Plaintiff next maintains that the tract and buildings are one unit, and that there is no basis for granting only partial exemption. Abundant authority refutes this contention as well. "Where a tract is used for two purposes, there is nothing novel in exempting the part used for an exempt purpose and subjecting the remainder to taxation. City of Lawrenceville v. Maxwell, 6 Ill.2d 42; City of Mattoon v. Graham, 386 Ill. 180, Glen Oak Cemetery Co. v. Board of Appeals, 358 Ill. 48; People ex rel. Pearsall v. Catholic Bishop of Chicago, 311 Ill. 11." (People ex rel. Kelly v. Avery Coonley School, 12 Ill.2d 113, 117.) These principles are well reflected in Pearsall, which involved an exemption claim for a 465-acre tract of seminary property, some of which was not yet completely developed. The 65-acre campus and main buildings were conceded to be exempt. The remaining acreage included the gardener's house, the nursery, dormitory, refectory, summer school, baseball diamond, tennis courts, and lake, all of which were held exempt. Of the remaining acres, much appeared to be in the actual process of development and adaptation and exemption was allowed. However, a tract of 80 acres of unused land, slated for eventual development as a golf course, was held taxable. "That it was intended to use it for such purpose in connection with the school was not sufficient, even if it would have been exempt had it been devoted to the use intended * * *." (People ex rel. Pearsall v. Catholic Bishop of Chicago, 311 Ill. 11, 17.) The 40-acre area held taxable by the trial court here is analogous to the 80-acre `golf course' parcel in the Pearsall case. There has been no showing of actual use for an exempting purpose, nor of actual physical development or adaptation for such use. Neither the school's professed plan for utilization of the property some 5 to 15 years hence, nor the fact that the land is contiguous to 67 acres presently held exempt, can overcome the statutory and constitutional requirement of actual use. The judgment of the trial court is therefore affirmed as to the 40 acres ruled nonexempt.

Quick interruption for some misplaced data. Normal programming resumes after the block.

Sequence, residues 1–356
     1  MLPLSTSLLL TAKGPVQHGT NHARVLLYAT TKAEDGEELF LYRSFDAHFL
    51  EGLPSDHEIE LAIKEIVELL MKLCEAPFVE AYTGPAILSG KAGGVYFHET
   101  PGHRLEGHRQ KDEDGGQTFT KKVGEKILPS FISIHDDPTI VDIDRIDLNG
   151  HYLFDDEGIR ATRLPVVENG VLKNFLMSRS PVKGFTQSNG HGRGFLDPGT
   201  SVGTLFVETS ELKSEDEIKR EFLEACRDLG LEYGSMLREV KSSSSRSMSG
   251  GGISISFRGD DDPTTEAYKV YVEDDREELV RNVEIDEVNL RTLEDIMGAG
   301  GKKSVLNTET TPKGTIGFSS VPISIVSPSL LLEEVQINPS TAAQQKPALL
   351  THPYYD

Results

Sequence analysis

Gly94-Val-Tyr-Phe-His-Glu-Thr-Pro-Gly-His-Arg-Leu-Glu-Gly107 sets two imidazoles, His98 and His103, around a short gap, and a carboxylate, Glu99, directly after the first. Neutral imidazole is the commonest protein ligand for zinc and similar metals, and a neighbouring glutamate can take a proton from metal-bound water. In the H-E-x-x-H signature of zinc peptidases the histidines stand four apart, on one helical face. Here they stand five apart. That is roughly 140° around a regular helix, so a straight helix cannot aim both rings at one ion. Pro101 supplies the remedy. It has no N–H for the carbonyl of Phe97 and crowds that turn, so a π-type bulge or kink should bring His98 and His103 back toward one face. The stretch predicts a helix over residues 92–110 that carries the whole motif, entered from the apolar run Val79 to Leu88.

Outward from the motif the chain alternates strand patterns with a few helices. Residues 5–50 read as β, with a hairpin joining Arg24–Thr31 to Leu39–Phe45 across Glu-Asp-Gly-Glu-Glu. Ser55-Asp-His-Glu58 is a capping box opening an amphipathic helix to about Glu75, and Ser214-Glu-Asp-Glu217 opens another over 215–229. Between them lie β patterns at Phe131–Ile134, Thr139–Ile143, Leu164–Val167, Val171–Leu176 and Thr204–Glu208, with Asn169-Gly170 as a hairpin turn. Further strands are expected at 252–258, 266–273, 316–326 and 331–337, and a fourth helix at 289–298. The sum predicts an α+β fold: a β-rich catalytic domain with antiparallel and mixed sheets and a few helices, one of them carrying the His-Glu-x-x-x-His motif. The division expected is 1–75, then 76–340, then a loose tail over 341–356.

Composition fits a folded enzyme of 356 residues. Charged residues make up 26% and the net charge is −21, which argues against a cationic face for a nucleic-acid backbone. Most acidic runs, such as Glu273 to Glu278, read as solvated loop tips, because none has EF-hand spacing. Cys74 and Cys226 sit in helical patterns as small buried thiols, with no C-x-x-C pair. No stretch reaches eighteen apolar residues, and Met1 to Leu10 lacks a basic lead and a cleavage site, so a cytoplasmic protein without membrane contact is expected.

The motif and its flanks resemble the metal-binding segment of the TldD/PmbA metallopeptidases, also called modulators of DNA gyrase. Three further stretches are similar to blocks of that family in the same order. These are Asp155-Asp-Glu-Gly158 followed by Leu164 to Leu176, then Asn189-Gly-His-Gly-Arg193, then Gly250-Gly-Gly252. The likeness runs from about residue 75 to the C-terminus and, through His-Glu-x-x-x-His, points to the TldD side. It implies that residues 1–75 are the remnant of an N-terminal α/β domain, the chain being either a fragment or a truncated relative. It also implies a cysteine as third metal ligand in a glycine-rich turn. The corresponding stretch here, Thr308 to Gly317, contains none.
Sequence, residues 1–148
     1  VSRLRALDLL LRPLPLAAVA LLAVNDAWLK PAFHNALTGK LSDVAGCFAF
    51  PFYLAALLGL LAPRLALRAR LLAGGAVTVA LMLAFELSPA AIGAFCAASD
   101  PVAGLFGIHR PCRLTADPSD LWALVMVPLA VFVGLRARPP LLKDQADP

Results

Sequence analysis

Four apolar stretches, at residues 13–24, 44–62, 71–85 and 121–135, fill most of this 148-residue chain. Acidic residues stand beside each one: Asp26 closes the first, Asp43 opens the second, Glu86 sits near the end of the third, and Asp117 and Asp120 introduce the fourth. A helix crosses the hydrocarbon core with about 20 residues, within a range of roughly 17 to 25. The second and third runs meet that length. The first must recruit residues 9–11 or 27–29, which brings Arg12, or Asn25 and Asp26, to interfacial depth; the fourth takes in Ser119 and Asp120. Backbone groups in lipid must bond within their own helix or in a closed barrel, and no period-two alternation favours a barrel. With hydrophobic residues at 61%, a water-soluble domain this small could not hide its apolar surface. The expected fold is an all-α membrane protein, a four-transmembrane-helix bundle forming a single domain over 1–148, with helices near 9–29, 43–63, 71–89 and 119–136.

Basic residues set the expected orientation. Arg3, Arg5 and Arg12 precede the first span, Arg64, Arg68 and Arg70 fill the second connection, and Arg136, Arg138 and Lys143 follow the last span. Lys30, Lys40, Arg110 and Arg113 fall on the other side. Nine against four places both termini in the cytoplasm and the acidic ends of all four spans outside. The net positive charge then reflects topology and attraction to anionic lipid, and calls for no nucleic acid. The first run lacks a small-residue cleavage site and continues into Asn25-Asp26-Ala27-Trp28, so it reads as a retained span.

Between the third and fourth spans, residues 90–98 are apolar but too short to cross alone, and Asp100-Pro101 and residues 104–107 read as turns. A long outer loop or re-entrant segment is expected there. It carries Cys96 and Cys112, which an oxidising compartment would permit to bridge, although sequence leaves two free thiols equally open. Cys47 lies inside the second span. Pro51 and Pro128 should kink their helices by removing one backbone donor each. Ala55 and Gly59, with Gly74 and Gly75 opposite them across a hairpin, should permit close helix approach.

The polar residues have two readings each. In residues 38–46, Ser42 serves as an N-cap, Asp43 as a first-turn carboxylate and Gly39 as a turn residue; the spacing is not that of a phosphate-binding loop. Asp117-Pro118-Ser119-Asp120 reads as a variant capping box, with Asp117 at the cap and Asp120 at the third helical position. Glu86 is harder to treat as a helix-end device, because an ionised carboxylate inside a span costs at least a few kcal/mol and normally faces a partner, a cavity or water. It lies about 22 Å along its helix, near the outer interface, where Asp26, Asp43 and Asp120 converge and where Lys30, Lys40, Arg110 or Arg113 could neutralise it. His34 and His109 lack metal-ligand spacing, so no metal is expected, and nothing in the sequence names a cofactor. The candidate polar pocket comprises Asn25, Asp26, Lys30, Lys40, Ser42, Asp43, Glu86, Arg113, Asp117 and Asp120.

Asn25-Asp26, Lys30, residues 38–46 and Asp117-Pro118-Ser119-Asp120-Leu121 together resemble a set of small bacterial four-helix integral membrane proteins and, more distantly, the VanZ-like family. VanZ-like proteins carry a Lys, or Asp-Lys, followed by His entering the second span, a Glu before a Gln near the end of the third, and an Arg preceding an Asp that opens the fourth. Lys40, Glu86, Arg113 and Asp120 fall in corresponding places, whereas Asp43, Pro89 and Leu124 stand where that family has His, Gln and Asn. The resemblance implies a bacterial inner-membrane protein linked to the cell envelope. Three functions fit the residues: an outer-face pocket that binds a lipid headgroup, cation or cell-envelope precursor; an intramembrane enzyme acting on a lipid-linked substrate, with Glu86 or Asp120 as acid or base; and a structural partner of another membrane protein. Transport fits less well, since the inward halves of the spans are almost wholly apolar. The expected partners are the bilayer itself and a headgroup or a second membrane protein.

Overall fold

Defendants similarly contend that the remaining 67 acres and buildings thereon are exempt only to the extent of actual use for school purposes and rely on the stipulation that during 1968, "an average of 25% thereof was used for actual classroom and related uses" and no other use was made of the property. While it is conceded that the stipulation controls in the event of conflict in the testimony, it does not, in our judgment, adequately address the issues involved nor can it control the application of legal principles.